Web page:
We live in the entertainment economy.
We’re so immersed in it that we’re like fish who don’t realize they’re swimming in water.
We’re in the midst of the entertainment awards season. And some people are highly interested in the outcome of a particular Big Game this upcoming Sunday. Admittedly, I am usually one of those taking in the game, commercials, and halftime show. Pro football is my sports distraction of choice.
I invite you to breathe the fresh air of a life lived more thoughtfully and fully alive. Think of this message as CPR for the soul.
Be sure to invest yourself in the matters of life that matter the most.
Go more deeply into the discovery of knowing who you are, how you were designed, and the difference your life can make in the world of the “happily distracted” who are filled but unfulfilled.
Distractions abound in an ADHD-paced schedule and life. Distractions prevent us from getting to clarity and building lives of maturity, depth, and greater contribution.
When distractions become our way of life, the way of our life is passing us by.
How many times have you said, “I just want to be happy”? Perhaps you’ve said it about your children, too.
To be happy is certainly a worthy emotional state.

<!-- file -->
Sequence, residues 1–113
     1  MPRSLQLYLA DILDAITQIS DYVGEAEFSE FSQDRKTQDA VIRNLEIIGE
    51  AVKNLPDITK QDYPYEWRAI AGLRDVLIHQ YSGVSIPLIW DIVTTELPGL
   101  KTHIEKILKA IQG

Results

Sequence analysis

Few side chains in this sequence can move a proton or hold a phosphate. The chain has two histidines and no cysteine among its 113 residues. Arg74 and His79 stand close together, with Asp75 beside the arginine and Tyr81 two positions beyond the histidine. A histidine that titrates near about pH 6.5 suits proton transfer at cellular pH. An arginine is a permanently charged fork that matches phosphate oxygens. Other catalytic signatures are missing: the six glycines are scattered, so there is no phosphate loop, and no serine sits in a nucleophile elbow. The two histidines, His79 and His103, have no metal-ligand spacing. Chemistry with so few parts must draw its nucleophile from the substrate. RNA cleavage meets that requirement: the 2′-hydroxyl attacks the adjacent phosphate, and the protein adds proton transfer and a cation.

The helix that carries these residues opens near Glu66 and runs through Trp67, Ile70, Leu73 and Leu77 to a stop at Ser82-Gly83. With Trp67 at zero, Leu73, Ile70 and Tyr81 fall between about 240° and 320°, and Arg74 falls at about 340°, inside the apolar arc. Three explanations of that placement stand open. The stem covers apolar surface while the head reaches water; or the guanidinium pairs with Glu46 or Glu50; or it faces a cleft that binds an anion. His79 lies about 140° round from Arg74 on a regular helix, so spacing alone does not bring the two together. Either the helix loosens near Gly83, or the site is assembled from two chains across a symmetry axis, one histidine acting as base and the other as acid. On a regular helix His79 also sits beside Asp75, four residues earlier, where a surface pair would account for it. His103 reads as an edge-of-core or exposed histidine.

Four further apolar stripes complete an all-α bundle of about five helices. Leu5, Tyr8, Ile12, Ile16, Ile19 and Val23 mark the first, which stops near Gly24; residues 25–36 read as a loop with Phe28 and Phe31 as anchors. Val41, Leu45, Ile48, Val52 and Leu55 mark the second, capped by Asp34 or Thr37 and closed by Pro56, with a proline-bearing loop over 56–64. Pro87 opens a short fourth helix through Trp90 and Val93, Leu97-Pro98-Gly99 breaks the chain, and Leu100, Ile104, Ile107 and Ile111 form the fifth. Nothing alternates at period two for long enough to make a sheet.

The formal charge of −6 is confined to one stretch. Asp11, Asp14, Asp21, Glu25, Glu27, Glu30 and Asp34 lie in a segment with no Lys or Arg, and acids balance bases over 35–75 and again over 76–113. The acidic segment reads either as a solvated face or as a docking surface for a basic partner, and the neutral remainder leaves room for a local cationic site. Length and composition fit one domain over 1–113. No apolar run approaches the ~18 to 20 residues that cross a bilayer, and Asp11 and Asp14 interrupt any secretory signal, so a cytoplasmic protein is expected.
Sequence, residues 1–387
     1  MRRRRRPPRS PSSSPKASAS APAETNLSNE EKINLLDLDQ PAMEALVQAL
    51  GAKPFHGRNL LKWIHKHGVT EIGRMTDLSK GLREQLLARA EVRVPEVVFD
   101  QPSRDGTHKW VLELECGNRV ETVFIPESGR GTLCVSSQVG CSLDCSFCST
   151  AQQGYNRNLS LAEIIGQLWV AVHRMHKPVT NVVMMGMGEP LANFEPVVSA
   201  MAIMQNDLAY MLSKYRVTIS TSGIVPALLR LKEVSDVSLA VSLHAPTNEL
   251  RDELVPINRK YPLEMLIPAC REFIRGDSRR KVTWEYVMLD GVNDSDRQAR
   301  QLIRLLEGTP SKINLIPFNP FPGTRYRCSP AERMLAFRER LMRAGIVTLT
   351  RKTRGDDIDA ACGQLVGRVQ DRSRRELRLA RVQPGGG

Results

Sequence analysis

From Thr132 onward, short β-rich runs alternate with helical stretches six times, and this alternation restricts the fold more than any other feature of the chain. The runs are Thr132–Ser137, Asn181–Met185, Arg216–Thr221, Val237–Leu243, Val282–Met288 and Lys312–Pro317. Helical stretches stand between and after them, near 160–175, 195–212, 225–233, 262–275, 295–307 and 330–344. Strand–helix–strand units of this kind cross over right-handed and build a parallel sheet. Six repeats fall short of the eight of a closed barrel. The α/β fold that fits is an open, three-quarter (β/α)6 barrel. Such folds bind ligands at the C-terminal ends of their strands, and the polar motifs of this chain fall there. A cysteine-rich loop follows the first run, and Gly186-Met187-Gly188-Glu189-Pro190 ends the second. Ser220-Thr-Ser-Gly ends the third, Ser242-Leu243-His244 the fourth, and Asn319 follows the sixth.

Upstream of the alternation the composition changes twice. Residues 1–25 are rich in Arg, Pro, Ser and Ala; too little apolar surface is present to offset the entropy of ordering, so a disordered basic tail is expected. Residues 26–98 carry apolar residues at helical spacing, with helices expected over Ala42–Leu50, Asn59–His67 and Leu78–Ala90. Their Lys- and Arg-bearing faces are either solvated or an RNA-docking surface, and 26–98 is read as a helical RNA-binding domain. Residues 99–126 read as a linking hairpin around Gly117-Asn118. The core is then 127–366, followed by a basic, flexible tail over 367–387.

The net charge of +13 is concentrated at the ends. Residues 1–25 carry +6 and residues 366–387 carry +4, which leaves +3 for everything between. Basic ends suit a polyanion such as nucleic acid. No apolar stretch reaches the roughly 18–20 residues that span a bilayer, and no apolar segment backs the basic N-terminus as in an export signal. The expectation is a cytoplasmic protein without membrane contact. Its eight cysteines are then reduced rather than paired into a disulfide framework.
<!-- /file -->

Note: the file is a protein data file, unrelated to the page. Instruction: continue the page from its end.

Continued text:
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Dare I ask …
- Is happiness the true gold standard for the ideal emotional state?
- Can we always be happy?
- Are we entitled to happiness?
Yes, I believe in the book title from the Minirth Meier New Life Clinic, Happiness is a Choice. I’m happy to be happy!
Perhaps my age is showing with my questions (and answer). Hopefully, I’m not a cynic, but a keen observer of the human condition. The “pursuit of happiness” as we understand and apply it in the 21st Century may actually not be in our long-term best interest.
Too often the pursuit of happiness is the unhealthy avoidance of reality.
Denial and distraction are a dangerous one-two combination that takes us down an unhealthy path of avoidance.
Happiness, for all its good as it is in use today, is a fleeting, temporary, or surface emotion. Happiness is circumstantial and has the effect of drug tolerance. What it takes to makes us happy tends to get ramped up over time. We need more and bigger to satisfy our happiness quotient.
The more enduring emotions are love, joy, and peace because they are attitudes of choice—not circumstances. The matter becomes not what can I do to be happy, but can I be at peace regardless of my circumstances.
Viktor Frankl in his book Man’s Search For Meaning profoundly observed that those who survived in Nazi prison camps had a compelling reason and will to live. In essence, they made peace with their circumstances and captors. They lived until another day because they had a purpose, a reason for being.
Pursuing your purpose (instead of happiness) opens the back door to the prosperous and joyful life of being more at peace. Get off the “happy drug” of distractions.